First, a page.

Time and time again, we see the same questions being asked in the various forums that we visit. One of the most common (after, where can I swim near me?) is how do I choose a good swim spot?

Well, on any swim holiday or coaching day that you come and have with us, we hope to answer that question, whether you are up for a Wet Weekend, or whether you stay for the Pleasure of Adventure you will definitely go home with a much better idea of how to choose a good swim spot.

There are several online resources that are there to help the wild swimmer, the first and most obvious is of course the Wild Swim Map which is a database of swim locations all around the world.

If you are swimming in the sea, then you definitely should check out the tide times to make sure that there is going to be water where you want to swim, and that you won't get cut off. It would also be useful to check the weather forecast, both the normal version and the marine inshore waters forecast. Although if you are heading up into the mountains, there is a specific mountain forecast available too.

Another useful resource for river swimming is from the kayaking and canoeing fraternity - of the UK Rivers Guidebook often abbreviated to the UKRGB. Kayakers and canoers grade rivers - and for a nice swim, you are definitely looking for an "Easy Touring River" of Grade 1 or Grade 2. Anything more than that, is swimmable, but only with very specific extra training - which we can definitely provide, if you are that adrenaline junky that fancies swimming Grade 3 or 4!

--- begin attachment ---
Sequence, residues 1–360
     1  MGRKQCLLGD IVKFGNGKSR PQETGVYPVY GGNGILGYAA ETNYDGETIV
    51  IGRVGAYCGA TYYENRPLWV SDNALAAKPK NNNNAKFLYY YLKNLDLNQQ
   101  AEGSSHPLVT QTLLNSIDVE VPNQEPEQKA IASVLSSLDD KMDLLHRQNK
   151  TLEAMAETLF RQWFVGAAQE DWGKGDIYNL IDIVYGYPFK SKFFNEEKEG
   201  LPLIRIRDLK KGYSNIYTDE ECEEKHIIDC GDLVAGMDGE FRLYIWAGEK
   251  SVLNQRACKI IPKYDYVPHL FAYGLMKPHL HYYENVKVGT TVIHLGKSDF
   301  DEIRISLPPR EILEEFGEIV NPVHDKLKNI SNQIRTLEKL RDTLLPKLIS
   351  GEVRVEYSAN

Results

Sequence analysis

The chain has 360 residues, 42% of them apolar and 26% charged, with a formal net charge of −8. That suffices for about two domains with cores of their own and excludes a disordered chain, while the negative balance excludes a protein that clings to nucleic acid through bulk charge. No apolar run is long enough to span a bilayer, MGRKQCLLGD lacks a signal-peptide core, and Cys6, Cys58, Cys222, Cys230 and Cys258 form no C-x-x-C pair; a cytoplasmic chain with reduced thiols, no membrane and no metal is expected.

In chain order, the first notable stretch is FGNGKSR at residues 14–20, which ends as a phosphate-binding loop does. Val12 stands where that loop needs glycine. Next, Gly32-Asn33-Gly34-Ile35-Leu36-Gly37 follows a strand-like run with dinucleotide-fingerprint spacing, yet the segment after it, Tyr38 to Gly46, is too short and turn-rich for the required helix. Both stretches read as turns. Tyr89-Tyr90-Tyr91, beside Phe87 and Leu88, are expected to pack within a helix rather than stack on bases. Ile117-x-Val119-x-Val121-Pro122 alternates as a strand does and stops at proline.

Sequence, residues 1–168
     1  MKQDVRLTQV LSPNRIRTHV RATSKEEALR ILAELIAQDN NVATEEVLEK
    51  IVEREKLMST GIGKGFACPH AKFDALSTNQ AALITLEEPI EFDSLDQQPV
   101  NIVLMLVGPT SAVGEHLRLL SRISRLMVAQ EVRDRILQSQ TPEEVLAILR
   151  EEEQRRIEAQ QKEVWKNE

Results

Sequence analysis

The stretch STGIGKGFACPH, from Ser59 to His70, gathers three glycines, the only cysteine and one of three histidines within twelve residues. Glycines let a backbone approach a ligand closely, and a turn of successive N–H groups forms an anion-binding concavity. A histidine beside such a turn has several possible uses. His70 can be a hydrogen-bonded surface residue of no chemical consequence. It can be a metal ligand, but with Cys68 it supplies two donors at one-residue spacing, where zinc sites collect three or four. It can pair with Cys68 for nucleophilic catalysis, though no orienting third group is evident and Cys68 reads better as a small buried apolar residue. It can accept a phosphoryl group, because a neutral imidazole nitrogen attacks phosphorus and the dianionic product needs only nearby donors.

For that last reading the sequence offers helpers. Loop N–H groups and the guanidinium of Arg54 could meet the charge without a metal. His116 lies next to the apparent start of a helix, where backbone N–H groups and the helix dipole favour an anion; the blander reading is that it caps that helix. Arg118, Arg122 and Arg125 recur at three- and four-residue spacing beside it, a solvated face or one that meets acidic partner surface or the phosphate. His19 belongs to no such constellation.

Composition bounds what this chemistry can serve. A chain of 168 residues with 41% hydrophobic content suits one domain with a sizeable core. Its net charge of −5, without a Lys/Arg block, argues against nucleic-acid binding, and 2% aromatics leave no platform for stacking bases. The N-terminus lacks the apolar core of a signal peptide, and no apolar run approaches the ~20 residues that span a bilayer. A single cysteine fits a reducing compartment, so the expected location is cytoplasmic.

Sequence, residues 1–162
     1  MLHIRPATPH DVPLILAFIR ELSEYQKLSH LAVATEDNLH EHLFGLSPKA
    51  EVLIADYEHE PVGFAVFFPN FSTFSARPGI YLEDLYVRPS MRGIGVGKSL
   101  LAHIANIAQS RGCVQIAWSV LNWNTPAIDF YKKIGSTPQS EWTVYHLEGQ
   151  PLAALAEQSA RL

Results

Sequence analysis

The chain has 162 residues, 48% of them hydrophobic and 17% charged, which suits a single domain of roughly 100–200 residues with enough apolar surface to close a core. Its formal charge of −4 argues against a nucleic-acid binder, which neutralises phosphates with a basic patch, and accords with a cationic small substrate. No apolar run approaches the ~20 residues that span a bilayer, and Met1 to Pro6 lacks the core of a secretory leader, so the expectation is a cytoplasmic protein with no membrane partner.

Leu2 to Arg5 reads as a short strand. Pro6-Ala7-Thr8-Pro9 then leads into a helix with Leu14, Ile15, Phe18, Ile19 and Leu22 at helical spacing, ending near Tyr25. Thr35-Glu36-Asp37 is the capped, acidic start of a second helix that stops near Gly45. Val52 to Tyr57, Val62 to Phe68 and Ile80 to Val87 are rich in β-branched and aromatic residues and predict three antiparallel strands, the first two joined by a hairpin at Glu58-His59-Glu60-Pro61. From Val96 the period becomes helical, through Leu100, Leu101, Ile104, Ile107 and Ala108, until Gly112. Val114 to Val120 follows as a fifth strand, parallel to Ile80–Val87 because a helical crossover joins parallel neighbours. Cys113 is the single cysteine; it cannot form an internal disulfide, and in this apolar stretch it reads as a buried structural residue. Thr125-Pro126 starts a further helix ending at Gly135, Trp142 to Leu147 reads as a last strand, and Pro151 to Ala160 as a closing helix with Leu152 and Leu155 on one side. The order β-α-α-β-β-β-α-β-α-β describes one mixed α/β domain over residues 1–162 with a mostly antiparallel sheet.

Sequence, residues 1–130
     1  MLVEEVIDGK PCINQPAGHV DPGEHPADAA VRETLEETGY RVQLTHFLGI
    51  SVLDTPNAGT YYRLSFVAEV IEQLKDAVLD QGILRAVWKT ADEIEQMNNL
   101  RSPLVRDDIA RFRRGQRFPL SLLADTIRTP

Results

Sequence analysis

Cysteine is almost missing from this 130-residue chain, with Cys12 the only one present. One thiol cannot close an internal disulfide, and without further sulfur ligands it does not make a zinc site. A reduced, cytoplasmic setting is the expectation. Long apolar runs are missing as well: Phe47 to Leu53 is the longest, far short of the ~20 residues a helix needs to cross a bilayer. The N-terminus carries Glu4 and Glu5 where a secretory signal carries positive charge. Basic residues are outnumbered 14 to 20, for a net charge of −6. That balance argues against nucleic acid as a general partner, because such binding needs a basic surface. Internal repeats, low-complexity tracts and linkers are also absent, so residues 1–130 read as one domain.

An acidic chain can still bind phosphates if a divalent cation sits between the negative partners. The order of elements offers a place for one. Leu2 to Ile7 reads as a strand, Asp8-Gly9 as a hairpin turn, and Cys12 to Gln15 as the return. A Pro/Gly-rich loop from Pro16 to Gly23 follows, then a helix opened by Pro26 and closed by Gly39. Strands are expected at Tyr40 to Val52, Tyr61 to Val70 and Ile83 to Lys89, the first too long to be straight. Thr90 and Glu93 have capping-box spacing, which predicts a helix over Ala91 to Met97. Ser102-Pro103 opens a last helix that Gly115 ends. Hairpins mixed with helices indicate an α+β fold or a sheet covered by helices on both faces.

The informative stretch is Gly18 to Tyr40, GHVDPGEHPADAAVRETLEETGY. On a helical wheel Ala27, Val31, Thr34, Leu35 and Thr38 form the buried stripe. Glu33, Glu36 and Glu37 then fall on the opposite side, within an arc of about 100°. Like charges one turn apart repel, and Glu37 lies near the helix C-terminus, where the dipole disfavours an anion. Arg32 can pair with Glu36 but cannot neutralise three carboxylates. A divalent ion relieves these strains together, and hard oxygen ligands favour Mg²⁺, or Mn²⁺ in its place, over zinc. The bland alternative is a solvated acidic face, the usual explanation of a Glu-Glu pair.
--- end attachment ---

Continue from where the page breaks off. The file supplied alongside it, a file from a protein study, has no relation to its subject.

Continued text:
A great website from the kayaking world is Rain Chasers which cleverly uses Environment Agency data and cross references it to provide a good indication of what rivers are running at what levels... live!

In the last couple of years, the Environment Agency have put more and more data online, and now there is quite a useful resource available. Of particular interest to outdoor swimmers are the river levels information (updated every 15 minutes), river pollution information (that seems to be mostly several years out of date - despite monthly testing), and the bathing water quality information.

The EA River Basin Management Plans provide a bit more information about the ecological quality of the water. This is available for coastal waters, rivers, lakes, and estuaries.

Finally, Bing Maps in the UK now provide Ordanance Survey mapping - which is great for planning a swim safari that is accessible by public footpaths and bridalways. Just ensure you choose "Ordnance Survey" from the drop down menu in the top right corner of the map. Note that you do have to get quite zoomed in before the OS maps appear.

This email address is being protected from spambots. You need JavaScript enabled to view it. what you think, and whether you have come across any other useful resources for outdoor swimming.

Have fun, and stay safe.

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